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Publicado el agosto 20, 2013

Dispersion on Coherent Systems: What’s the Limit?

Now that 100 Gbit/s in the metro and longhaul is more than just a dream, and has moved past the stage of a few field trials and experiments, we have a much better idea as to those systems’ tolerance to dispersion effects, namely chromatic dispersion (CD) and polarization mode dispersion (PMD). In terms of tolerance, we are referring here to real limits, not marketing limits. Let’s start with CD.

CD is a linear phenomenon that is predictable and easy to compensate for, with no common or undesirable side effects. Knowing what the issue is, how it will behave, and that it won’t change over time makes it much simpler to compensate for. We are currently seeing astronomical tolerance values for CD from coherent systems vendors. And, coherent-only systems can indeed tolerate them quite well. In fact, to perform well, these systems are dependent upon CD, but the potential downfall is that if there is no CD at all, these systems may generate phase noise between adjacent wavelengths. And because information is coded on the phase, the presence of any phase noise will cause issues. On fibers with CD compensation (for example, when noncoherent wavelengths also are transported), coherent wavelengths may be subject to phase noise. Ironically, high CD is therefore desirable and required, whereas low CD can be detrimental. So, on hybrid systems with coherent and noncoherent wavelengths being transported on the same fiber, testing should be performed to ensure that the CD is low enough for the noncoherent, yet high enough to avoid phase noise.

PMD, on the other hand, is (as usual) a different beast. Once again, promoted values for PMD tolerances are very high, but since no PMD compensators are present in the systems, the above-mentioned CD issue is not present with PMD. Nonetheless, there is a PMD issue with coherent systems. In actual fact, there are two potential issues, but before discussing them further, it should be reiterated that PMD compensation in the digital signal processor (DSP) happens in quasi-real time. Instantaneous differential group delay (DGD) is monitored and quickly compensated for by the electronics, albeit within a certain range, hence the specifications of the system. Now, back to the two potential issues, which are described in detail below:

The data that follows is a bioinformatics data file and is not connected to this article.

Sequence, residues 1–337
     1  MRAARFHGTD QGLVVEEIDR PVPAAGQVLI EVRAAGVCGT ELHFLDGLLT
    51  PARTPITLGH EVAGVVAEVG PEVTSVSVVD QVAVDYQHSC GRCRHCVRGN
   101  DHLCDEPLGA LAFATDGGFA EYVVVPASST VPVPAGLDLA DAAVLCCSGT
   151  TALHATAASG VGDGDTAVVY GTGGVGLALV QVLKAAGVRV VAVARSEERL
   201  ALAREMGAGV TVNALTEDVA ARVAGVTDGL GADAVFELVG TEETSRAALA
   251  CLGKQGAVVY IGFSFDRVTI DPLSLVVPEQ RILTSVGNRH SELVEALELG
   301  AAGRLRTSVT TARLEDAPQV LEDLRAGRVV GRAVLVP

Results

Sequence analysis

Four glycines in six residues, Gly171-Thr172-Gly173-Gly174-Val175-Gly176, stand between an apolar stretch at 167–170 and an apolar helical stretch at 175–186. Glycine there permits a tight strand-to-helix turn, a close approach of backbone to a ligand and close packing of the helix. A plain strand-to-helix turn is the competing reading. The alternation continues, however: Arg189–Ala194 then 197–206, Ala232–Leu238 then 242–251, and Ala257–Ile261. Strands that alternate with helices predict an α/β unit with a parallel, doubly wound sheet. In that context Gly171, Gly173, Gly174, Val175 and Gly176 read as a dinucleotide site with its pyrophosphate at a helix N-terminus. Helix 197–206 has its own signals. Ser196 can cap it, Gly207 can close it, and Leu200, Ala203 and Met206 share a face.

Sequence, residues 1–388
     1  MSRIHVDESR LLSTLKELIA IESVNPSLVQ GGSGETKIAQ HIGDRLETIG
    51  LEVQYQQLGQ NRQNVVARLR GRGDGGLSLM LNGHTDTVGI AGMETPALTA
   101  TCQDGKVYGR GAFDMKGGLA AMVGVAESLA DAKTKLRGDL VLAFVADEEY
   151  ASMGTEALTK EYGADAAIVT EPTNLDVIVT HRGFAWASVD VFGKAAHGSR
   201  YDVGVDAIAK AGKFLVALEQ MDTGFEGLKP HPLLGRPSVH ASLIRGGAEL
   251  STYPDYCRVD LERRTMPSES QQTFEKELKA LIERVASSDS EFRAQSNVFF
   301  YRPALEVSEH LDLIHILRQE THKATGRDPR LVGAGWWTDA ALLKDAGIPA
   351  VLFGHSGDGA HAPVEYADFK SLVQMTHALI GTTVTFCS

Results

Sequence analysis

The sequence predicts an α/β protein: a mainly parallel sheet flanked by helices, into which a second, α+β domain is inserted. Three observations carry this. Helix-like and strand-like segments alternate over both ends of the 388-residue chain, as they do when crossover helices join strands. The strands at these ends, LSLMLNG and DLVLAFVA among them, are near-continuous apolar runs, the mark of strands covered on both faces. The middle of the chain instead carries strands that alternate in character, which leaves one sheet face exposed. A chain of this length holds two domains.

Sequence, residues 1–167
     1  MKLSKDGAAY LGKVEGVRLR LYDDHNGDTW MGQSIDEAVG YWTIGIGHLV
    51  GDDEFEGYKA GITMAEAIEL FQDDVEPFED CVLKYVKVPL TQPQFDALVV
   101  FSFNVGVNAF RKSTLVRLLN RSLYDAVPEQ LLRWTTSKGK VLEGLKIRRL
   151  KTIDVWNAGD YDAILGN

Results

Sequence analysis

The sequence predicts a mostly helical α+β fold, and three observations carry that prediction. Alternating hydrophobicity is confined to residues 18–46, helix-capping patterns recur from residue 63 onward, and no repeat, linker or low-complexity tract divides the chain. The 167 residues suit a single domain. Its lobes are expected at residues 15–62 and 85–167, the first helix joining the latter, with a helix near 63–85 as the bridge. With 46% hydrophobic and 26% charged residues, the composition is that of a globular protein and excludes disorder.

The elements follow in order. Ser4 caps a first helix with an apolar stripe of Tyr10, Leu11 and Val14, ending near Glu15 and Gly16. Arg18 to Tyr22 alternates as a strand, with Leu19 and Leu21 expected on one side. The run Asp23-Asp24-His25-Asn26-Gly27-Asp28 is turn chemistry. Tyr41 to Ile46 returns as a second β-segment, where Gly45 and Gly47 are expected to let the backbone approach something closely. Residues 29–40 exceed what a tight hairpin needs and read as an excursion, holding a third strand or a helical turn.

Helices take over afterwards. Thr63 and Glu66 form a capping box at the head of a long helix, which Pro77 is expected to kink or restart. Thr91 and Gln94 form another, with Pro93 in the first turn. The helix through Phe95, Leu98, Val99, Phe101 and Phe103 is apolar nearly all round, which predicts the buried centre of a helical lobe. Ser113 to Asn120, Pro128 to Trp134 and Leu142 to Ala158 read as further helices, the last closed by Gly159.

1. Regardless of this tolerance, PMD is statistical, and any tolerance value may eventually be exceeded. The higher the average PMD value, the higher the possibility of exceeding the limit, i.e., of having a value too high for the tracking system to compensate for. When this happens, the tracking system loses sight of its target, and starts scanning. The DGD may fall back within the tolerance limit, but the tracking system may not detect it right away. The compensation will then fail for a few moments, even if the PMD has fallen back within range.
  2. If a high-PMD section is preceded by or within a section of fiber where high polarization scrambling could occur (for example, an aerial section or a section underneath a bridge), the sudden, potential high change in DGD may be too fast for the tracking device to follow. As mentioned above, if the tracking system loses sight of the target (and in this case the target stays within range, but changes too quickly), it will spends valuable time trying to relocate it.

So, while PMD issues and outages are less frequent due to extra tolerance and real-time compensation, if an issue does occur in connection with noncoherent, it may last several milliseconds or much longer, thus creating bursts of errors rather than isolated errors. So, in a nutshell, coherent systems are much more resistant to dispersion (although not immune to them), and should therefore be considered in your fiber characterization plans. For more information on these subjects, download our CD and PMD reference guides.